Making a Way for Justice

Making a Way for Justice

Promise, Faith, Action
1 Kings 17:1-16
© Hilary F. Marckx, all rights reserved

Old stories about long dead people
who trusted God and trusted
God’s word.
Stories that change lives.
Stories that enhance our living.
Stories that build our faith!
And what are the stories we tell?
What is it we do in God’s name
that is worth the telling?
What have we seen of God’s work
that is worth the telling?
Or is it that we do nothing,
speak nothing,
standing mute in the face of Eternity
and frozen in our inaction
in the midst of the action
of our own living?
The stories, actually sagas
coming out of these past times
are big stories
making everyday people
doing their everyday things
seem bigger than the lives they lived.
Yet, are not our own lives, in a real way,
bigger than the lives we live?
Think about it…
Everything—every action, every thought we take
has an impact on other lives, other times, other cultures.
The choices we make, if they are worth making at all,
are worth telling about, worth catching the imagination
of future generations.
What are your stories of the
promises, faith, and actions of your life—
and how would they be told?

# # #

At the end of our time on earth we get buried. Usually there is what is called a Memorial Service that is held in a church, an auditorium, at the grave side, or in a backyard. People remember, reminisce about the dearly departed, and tell stories, some funny, some sad, some about the things they did that were small, petty, nice, fun, heroic, or just cool. Things that make the other folks there remember as well, and tell other stories. What are the stories that will be told about you? How will you be remembered?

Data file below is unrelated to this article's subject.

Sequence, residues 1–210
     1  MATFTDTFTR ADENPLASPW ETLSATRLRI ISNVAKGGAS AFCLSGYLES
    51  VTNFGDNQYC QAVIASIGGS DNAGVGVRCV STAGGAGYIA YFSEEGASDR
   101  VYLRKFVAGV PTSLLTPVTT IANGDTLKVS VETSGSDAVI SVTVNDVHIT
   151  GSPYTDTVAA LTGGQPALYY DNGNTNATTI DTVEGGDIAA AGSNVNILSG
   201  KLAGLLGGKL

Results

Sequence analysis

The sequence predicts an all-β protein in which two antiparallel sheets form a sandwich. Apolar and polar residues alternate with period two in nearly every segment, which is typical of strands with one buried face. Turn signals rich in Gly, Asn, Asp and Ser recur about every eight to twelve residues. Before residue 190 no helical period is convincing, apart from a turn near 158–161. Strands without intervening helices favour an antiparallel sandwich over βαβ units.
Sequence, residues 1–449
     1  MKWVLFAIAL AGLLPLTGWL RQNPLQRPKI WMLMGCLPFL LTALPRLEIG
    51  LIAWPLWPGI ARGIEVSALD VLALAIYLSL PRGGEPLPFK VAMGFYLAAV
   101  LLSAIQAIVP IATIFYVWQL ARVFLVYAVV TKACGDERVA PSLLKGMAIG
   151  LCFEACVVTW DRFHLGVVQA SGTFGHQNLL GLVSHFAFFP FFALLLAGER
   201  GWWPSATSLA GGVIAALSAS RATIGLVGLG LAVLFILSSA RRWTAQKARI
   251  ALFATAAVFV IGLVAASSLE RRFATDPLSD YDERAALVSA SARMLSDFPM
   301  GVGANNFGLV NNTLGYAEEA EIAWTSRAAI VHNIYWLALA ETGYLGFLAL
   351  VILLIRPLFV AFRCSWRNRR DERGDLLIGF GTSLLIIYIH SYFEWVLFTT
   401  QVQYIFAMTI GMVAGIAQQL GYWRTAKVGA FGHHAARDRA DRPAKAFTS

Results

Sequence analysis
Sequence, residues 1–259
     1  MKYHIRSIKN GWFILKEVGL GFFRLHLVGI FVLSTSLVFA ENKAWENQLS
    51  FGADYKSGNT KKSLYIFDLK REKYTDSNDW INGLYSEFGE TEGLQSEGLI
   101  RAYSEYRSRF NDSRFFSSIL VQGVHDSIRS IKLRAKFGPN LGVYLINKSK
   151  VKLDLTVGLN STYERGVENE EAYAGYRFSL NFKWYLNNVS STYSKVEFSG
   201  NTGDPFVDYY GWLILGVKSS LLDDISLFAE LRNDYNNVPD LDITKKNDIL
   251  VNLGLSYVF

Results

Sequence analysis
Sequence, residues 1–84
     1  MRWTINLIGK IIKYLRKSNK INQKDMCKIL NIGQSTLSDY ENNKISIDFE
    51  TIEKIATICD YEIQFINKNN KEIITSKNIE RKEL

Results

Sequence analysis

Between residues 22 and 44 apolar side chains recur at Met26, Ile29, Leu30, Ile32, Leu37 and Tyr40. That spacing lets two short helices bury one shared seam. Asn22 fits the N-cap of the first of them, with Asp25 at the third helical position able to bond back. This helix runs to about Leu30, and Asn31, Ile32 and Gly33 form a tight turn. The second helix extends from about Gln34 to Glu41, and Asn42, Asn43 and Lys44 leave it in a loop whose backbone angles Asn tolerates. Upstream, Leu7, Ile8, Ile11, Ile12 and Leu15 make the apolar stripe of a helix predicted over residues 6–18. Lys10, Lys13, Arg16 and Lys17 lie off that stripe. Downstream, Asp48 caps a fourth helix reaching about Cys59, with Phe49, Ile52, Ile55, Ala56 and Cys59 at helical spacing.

Will you be remembered for your cooking, or for the justice you demanded? Will it be for how much you could eat, drink, how well you could hold your liquor, or will it be how you were a person of faith? Will you be remembered for the violence you perpetrated, or for the love you brought to those around you? When you are talked about behind your back, is it about your goodness or is it about how preposterous or how difficult you are?

We read these Bible stories as if the people they were about were exceptional, but they were not. They were just ordinary folks who said yes to God. Elijah the Tishbite was just one such person. He did what God asked and did it well. The story is not told to make Elijah into more than he was, but to depict someone who could stand up for what was right.

Paraphrasing the sequence of events leading up to our story, There had been a lot of not standing up for what was right in the recent past. Baasha plodded “in the rut of Jeroboam, making [God’s] people Israel sin and making [God] seethe over their sin.” “Elah son of Baasha began his rule. He was king in Tirzah only two years when he was at the house of Arza the palace manager, drinking himself drunk when Zimri, captain of half his chariot-force, killed him. Zimri then became the king. Zimri had no sooner become king than he killed everyone connected with Baasha, got rid of them all like so many stray dogs—relatives and friends alike. Zimri totally wiped out the family of Baasha, but then there was a quick succession of bad kings: Omri, then Ahab, under who’s rule Hiel of Bethel refortified Jericho at the terrible cost of ritually sacrificing his firstborn son Abiram at the laying of the foundation, and then his youngest son Segub at the setting up of the gates. Then came Elijah, and our story takes up.